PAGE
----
Taylor pulled off some impressive feats in 2005. Not only did he play through a torn plantar fascia in his right foot, but after the diagnosis he logged five sacks in four games, including three against Oakland in Week 12. Not bad for a speed rusher who needs his legs in good shape. A week later, he hurt his right shoulder early but returned, playing with the shoulder in a harness, which is all the more impressive since he relies on his hands to keep linemen off his slightly small frame. He had enough left in the tank to register four more sacks through the rest of the year. In fact, through these challenging injuries, he actually set a career high in solo tackles. Taylorís tackle numbers tend to be a touch below elite because he lacks the power base to smash through blocks and instead evades them, getting himself out of position some. He remains excellent in pursuit, however, plays with a high motor and clearly has one of the best first steps among linemen. In the past six years, his low is 8.5 sacks, but heís reliable to hit double digits. If the tackle numbers donít match Michael Strahanís, his five career TDs and four picks are sensational compensation. In leagues that count passes defended and forced fumbles, Taylor gets more passes defended than most safeties and is perhaps the most prolific fumble forcer in the land.
A lot of things went wrong in Miami last year, and Taylor still came through, ranking 12th among linemen. Tackle Larry Chester went down with an ACL tear after two games, and complementary end Adewale Ogunleye forced a trade to Chicago, leaving Taylor with less help on the line. Taylorís tackle numbers were steady Ė heís typically in the 37Ė45 range Ė but his sacks dipped into single digits for the first time since 2001. For those in leagues that count them, he did set a career high in passes defended, with nine, and snagged an interception, showing great cover skills for a lineman. Which is important because new head coach Nick Saban may toy with a 3-4 alignment, putting Taylor at outside linebacker. Heíd still be pass rushing, but would see more chances for tackles and coverage plays in that position. Taylorís had four picks and has scored four touchdowns in the past six years, so heís among the linemen most likely to pick up extra points in those categories. Moreover, Chester is progressing well after surgery, and the team signed Vonnie Holliday and Kevin Carter to enter the rotation at end. (One of them might be turned into a tackle, but regardless, Taylor gets more help.) The biggest caveat with Taylor is his age. He heads into the season at age 30, but hasnít missed a game in five years.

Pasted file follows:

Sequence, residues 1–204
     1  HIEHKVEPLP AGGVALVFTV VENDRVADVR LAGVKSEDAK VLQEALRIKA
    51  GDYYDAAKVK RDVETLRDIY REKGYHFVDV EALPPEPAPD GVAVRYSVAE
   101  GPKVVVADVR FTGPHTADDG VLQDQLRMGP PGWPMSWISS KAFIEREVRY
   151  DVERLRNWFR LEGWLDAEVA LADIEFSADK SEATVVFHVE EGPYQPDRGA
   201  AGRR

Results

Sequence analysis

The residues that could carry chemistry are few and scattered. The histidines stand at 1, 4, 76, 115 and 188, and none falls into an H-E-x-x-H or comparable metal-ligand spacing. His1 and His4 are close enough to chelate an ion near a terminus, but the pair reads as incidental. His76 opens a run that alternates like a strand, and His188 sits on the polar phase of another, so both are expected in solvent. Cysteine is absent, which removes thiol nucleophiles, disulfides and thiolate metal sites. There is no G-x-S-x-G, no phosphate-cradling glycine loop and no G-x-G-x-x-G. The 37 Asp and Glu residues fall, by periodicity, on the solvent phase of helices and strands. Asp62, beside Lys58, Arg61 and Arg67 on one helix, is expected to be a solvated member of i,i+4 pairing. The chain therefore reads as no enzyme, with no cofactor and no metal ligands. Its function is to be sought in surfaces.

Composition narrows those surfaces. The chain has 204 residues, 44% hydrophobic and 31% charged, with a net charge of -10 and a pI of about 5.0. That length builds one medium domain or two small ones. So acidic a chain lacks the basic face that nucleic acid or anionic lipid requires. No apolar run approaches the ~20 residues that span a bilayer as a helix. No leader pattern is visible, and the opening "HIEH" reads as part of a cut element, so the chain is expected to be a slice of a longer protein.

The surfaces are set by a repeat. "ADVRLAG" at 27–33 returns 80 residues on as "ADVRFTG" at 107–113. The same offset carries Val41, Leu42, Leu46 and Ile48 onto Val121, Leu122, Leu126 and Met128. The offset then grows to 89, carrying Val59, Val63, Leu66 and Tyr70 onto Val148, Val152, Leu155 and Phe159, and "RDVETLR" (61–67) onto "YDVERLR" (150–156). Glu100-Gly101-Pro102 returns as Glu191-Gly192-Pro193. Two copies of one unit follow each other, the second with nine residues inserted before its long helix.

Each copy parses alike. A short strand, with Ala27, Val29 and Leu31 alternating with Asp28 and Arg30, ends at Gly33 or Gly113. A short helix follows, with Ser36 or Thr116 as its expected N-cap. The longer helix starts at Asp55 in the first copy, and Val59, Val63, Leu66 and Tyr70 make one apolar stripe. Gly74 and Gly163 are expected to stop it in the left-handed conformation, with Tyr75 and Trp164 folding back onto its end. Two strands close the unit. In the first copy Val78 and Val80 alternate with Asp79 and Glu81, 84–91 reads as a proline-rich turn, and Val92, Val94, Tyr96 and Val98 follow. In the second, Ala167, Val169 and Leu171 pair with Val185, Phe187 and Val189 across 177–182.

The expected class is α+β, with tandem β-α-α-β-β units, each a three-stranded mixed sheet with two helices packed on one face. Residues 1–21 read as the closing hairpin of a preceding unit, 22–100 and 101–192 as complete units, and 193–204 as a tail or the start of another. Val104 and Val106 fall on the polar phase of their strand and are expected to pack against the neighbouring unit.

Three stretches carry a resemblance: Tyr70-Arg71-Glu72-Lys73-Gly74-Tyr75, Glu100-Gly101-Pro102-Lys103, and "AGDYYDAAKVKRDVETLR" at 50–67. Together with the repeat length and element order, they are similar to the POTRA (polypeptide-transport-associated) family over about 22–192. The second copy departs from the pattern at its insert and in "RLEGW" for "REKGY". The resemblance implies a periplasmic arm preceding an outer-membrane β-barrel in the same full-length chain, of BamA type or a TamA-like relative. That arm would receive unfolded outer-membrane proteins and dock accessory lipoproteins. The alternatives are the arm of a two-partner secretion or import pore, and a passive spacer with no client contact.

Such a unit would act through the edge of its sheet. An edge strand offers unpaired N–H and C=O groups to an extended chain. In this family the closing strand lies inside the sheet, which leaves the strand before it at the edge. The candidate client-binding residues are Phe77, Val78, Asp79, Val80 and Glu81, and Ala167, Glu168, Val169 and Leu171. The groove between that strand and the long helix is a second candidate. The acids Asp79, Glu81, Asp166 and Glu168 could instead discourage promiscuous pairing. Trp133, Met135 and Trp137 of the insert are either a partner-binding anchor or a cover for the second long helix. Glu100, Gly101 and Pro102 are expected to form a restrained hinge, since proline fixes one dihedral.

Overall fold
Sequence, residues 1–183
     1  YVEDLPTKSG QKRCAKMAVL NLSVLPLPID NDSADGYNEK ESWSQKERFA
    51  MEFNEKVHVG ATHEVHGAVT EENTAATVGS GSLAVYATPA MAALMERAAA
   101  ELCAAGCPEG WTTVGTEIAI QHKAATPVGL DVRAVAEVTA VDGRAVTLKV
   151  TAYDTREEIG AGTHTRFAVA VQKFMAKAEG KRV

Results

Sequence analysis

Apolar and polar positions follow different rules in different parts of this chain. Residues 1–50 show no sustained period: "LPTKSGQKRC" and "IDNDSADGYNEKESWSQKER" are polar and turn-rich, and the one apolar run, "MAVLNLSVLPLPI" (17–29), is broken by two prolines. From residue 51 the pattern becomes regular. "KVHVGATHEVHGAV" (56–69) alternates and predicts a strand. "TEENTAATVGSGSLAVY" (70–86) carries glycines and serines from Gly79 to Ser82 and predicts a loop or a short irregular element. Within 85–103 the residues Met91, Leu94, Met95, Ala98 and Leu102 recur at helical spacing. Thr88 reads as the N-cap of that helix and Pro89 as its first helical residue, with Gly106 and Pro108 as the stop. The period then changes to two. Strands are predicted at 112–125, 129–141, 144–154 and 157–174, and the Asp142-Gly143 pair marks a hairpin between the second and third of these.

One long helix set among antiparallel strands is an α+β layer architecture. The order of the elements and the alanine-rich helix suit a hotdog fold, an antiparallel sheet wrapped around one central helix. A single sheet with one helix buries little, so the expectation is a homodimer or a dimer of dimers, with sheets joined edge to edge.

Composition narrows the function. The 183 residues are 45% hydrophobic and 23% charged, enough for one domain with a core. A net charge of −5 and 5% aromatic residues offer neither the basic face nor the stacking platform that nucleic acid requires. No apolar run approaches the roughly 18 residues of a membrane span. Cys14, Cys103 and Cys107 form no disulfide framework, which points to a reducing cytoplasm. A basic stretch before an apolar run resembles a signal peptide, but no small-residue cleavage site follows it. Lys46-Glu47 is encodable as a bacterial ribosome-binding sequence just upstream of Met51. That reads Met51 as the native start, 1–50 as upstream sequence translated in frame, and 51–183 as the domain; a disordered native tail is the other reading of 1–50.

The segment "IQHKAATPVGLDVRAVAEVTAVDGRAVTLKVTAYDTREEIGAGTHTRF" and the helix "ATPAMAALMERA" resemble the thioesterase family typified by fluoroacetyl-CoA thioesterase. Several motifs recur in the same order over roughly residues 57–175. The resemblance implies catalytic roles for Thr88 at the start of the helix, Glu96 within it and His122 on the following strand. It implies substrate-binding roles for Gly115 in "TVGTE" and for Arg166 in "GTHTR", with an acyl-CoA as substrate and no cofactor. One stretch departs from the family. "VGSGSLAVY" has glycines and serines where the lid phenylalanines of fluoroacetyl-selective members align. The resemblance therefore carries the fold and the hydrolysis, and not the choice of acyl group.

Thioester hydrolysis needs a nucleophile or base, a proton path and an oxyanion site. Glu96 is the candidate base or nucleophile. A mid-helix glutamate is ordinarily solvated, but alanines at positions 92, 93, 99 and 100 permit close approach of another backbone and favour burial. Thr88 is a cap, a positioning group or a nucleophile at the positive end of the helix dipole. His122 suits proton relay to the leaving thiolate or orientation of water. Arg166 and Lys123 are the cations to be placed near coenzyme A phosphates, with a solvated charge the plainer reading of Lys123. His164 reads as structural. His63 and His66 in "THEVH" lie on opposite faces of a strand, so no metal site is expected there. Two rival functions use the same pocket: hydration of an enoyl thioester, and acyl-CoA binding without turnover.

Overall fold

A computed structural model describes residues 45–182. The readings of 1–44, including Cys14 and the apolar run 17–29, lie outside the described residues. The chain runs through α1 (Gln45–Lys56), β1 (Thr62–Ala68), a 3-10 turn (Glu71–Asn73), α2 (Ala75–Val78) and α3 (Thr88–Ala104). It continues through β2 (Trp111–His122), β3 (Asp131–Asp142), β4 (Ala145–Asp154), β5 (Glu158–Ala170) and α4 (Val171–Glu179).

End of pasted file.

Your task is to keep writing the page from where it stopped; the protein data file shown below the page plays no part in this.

After a slow start, Taylor finished the year with sacks in each of the last six games for a total of 9.5 during the run and 13 on the season. Not bad when your fantasy team's in its playoffs. Over the past four years, he's averaged 48 solo tackles, 13.8 sacks, four forced fumbles and 6.3 passes defended. Should fellow end Adewale Ogunleye not be traded or hold out, the pair form one of the most formidable end combos in the NFL, and Taylor won't see consistent double teams. With the same athleticism as Rice, it could easily be Taylor pulling down an interception or two in 2004.
Taylor's numbers and nonstop, relentless snap-to-whistle effort should have won him the Defensive Player of the Year award in 2002. He finished with 18.5 sacks, 46 solo tackles and two fumble recoveries. While Taylor probably won't repeat the career-high sack total Ė he had nine in 2001 and 14.5 in 2000, he's a good bet for 10-plus sacks and a good source of tackles from the pass rush-oriented defensive end position. Having Ogunleye Adewale (9.5 sacks) and massive DTs Larry Chester and Tim Bowens alongside him for another season, will only help.